September 16, 2011 at 6:49 pm | Reply
  71. eilis_artis

    This article should be about the heroic accomplishment of an active military man, but the poor writing has definitely reduced its impact. I'm tired of CNN's poorly written news stories and will be changing my home page.

    September 16, 2011 at 6:33 pm | Reply
    • 32423

      I think this story was written and checked by an AI program I'd be surprised if it had a human author.

      September 16, 2011 at 8:27 pm | Reply
  72. John

    There are sentence fragments, non-sentences, sentences that start with "and". I don't even know how to classify this one: The report by the military looking that the mistakes that make the ambush Meyer was involved in four that "actions of key leaders at the battalion level were inadequate and ineffective."

    September 16, 2011 at 6:28 pm | Reply
  73. Thomas Covenant

    Not surprising. NCO's earn their rank. It takes an Act of Congress to make a commissioned officer.

    September 16, 2011 at 6:26 pm | Reply
    • krehator

      Considering the officer corps is responsible for policy making, they are directly responsible for the degradation of the NCO corps. Poor policy and leadership has severe consequences. The NCO corps can only do so much in the face of poor policy.

      September 16, 2011 at 6:30 pm | Reply
    • MPO

      Spoken like an arrogant citizen who doesn't know jack
      I've known plenty of great officers, NCOs, and soldiers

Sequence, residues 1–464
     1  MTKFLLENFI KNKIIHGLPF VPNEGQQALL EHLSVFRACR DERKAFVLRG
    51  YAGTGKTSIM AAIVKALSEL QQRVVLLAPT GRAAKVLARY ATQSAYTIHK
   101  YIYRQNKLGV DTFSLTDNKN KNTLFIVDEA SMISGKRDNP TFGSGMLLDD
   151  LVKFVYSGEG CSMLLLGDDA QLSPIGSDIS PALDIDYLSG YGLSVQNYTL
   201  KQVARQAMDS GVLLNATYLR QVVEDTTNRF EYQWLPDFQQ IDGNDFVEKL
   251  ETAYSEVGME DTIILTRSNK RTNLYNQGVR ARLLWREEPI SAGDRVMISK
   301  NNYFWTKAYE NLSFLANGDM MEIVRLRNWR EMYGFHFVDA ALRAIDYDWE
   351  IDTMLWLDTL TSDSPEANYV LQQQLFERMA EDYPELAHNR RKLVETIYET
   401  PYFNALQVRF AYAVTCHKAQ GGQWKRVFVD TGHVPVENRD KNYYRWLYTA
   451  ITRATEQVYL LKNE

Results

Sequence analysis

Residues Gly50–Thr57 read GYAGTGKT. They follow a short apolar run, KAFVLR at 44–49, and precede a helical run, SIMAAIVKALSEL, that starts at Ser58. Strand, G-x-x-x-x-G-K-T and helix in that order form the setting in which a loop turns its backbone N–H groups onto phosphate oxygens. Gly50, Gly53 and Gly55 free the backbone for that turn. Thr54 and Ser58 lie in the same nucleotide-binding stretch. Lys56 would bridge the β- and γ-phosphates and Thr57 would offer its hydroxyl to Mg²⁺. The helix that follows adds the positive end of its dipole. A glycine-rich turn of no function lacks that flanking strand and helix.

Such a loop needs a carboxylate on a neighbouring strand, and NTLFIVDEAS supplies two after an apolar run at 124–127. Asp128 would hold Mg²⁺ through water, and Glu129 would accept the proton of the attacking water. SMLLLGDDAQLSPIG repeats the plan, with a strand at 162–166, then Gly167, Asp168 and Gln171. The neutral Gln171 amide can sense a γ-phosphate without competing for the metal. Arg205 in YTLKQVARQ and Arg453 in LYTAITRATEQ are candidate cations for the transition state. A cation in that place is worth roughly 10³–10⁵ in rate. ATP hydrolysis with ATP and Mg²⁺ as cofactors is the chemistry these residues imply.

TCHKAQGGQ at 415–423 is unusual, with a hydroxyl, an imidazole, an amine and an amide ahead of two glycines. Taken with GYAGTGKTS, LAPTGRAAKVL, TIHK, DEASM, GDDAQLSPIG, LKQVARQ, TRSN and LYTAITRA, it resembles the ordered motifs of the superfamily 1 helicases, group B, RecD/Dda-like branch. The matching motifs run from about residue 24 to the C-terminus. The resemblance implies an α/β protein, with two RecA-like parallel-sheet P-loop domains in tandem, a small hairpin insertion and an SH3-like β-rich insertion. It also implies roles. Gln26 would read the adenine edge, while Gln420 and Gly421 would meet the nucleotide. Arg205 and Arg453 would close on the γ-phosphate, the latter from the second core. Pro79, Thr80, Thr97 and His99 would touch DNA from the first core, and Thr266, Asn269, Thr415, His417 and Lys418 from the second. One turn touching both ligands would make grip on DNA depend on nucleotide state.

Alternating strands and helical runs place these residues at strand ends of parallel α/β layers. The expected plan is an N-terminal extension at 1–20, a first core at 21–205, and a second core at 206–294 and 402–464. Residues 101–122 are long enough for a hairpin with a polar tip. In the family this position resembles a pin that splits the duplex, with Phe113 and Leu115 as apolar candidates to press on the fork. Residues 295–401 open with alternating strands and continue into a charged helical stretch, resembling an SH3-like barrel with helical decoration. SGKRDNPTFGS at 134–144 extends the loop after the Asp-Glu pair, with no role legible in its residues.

sounds like you're a malcontent

      September 16, 2011 at 6:39 pm | Reply
  74. Stephen, Fairmont WV

    This is some of the worst grammar I've ever seen

    September 16, 2011 at 6:26 pm | Reply
  75. larvadog

    Way to chronicle the heroic actions of a Marine with shit writing.

    September 16, 2011 at 6:26 pm | Reply
  76. krehator

    "After the investigation was complete, the three officers were given letters of reprimand, an action that, in the US military, almost always spells the end of an officer's career."

    People do not realize this is actually a slap on the wrist. These officers will still make more money and receive better benefits than enlisted soldiers who have never done anything wrong. You can do many bad things as an officer and STILL remain an officer.

    Most enlisted face Art15, loss of pay, rank, and even confinement. I think that is a real punishment compared to a stupid letter.

    September 16, 2011 at 6:25 pm | Reply
    • Thomas Covenant

      Maybe you have never seen the way officers treat each other. Trust me, a letter of reprimand is the kiss of de@th to a career.

      September 16, 2011 at 6:28 pm | Reply
      • Carol Ann

        Career ending or not it is a slap on the wrist. They are just transferred out of a command and fade away with NO monetary loss. While on the other hand enlisted will have a reduction in rank/pay, stay at the same command and try to make endsmeet. Big difference.

        September 16, 2011 at 6:44 pm |
    • krehator

      But they will still make more money and have more authority than an enlisted person who has done nothing more. That was my point.

      Even with his/her career halted, they are farther up the totem pole.

      September 16, 2011 at 6:32 pm | Reply
    • Really?

      Sounds like someone didn't have the personal motivation to earn a commission.
      As a former prior-enlisted officer, I've seen both sides of the house, and can say with no small amount of conviction that the loudest voices complaining about "preferential treatment" of officers are generally those who have significant regrets about the road their careers have taken. The NCO corps of any service defines it's own character, independent of the officers. Have some pride in your stripes, and quit complaining about things you never had the stones to try and are now too old or too jaded to attempt.